Column: On the Marches of Dreamland: Scary Neary: Punk Shaman and Death’s Photographer

By Randy Stafford

Hand, Elizabeth. Generation Loss. Small Beer Press, 2007. Kindle USD $5.95. ASIN: B00140IU98.

Hand, Elizabeth. Available Dark. Minotaur Books, 2012. Kindle USD $9.99. ASIN: B00603TY5S.

There is plenty of crime in the Cass Neary novels of Elizabeth Hand. That’s why they’re labeled crime fiction. And a fair amount of that crime is committed by Cass herself. Hand has described her as “a prototypical amoral speedfreak crankhead kleptomaniac murderous rage-filled alcoholic bisexual heavily-tattooed American female photographer.”

I don’t know if they’re noir, but they’re dark. Cass’ faded, cult reputation is based on her book Dead Girls, photos of the dead, dying, and psychologically damaged.

They’re also weird books. They don’t read like urban fantasy or occult detective stories. Keeping with the photographic theme, they feel like street photos taken through a filter passing light you can’t quite describe.

Whether Hand started out intending Generation Loss to be that way is not clear. In an interview” in the December 2007 issue of Locus, she said the novel’s weirdness was “built in from the get-go and didn’t get lost in subsequent versions.” However, in a recent interview on the Coode Street Podcast, she said the supernatural elements just crept into the novel unplanned.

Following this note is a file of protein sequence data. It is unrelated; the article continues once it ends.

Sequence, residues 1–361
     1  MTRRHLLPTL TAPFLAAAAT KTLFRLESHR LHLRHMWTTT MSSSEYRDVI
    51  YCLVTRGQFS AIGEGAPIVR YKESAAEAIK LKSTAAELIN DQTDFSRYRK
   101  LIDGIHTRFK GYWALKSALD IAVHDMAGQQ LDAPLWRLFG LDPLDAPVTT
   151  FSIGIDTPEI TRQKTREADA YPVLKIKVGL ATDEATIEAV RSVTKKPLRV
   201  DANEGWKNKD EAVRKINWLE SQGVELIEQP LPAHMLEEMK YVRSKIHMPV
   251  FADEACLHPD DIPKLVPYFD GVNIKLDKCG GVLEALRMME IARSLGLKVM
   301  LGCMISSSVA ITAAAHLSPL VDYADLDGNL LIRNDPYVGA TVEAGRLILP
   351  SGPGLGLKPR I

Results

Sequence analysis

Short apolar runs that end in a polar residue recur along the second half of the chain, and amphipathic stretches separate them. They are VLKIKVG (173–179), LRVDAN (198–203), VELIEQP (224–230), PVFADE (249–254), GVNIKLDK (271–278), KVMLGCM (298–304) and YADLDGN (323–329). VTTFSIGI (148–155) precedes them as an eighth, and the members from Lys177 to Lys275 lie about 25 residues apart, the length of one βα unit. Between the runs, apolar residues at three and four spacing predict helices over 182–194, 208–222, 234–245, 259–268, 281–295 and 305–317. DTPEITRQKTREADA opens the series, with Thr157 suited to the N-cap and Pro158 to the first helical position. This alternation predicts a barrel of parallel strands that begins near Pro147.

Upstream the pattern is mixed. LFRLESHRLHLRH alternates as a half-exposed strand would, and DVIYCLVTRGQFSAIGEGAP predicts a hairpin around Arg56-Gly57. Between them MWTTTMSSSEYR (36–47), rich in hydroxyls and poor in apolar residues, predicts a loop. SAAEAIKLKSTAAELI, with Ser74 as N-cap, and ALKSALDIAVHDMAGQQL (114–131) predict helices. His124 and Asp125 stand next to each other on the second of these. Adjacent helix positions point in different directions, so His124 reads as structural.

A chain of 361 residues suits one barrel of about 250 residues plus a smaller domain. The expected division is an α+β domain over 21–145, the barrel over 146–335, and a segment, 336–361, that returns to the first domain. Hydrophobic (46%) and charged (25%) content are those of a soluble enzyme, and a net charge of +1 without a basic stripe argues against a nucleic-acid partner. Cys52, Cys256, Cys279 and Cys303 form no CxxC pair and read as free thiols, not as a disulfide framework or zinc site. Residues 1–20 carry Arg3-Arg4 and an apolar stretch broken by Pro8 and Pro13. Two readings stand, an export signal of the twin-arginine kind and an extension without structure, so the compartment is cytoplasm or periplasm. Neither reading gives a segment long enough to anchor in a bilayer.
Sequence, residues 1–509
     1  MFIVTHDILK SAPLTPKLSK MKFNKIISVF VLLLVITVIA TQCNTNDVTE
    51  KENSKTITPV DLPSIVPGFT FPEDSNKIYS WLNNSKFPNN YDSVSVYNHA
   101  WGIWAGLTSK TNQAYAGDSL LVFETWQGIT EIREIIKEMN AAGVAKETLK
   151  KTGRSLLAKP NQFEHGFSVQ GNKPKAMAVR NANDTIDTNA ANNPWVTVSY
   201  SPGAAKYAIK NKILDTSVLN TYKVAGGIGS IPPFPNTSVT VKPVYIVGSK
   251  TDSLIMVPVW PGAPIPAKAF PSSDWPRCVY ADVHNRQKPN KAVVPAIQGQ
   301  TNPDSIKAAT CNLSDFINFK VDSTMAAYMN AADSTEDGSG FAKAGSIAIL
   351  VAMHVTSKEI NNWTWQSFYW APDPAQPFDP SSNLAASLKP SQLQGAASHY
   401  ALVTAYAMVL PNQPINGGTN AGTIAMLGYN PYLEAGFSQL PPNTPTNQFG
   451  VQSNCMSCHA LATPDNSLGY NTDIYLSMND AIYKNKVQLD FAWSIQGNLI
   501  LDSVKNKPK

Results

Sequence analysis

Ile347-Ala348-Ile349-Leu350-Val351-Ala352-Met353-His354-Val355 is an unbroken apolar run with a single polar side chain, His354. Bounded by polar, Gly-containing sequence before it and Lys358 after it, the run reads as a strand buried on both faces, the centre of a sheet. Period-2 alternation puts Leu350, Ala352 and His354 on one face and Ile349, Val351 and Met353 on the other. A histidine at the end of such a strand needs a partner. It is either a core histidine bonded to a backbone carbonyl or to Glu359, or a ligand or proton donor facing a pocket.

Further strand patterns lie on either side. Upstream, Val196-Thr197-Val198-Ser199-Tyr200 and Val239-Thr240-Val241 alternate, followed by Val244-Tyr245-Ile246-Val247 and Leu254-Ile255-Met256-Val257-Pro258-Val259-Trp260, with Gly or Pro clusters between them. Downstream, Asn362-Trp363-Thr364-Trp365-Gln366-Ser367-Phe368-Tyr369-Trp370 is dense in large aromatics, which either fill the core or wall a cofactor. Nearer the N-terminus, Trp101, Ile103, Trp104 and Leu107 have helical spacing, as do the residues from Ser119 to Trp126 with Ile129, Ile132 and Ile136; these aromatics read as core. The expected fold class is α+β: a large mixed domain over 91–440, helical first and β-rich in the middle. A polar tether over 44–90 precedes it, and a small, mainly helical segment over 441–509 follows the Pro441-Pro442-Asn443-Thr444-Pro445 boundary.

(This isn’t a review, so spoilers are ahead. Go ahead and read the novels first. They’re short.)

If you’re not primed to expect them, the weird elements in Generation Loss might seem just odd metaphors in a character study or the sort of implausible preternatural elements criminals and detectives frequently exhibit in some crime dramas. For instance, think of Hannibal Lecter’s escape in The Silence of the Lambs, Hand’s inspiration for Generation Loss.

When Cass is 14, she sees, in the sky above a field, a black-and-yellow-gray whorl that becomes a “vast striated eye that was all pupil, contracting upon itself but never disappearing” and a buzzing fills her ears.

On the night before her 17th birthday, she dreams of a “man with green-flecked eyes.” Cass is short for Cassandra and this is the first of her prophetic visions.

It’s the first, but not the last, time we meet a man of green eyes. They won’t all be, like the dreamed man, “mocking and oddly compassionate.” That description fits Gryffin Haselton, the subject of Cass’ unconsummated erotic fixations in Generation Loss. But, while they’re green-eyed, Quinn O’Boyle, Cass’ first lover, and Denny Ahearn, Gryffin’s father, are not compassionate. They’re murderers.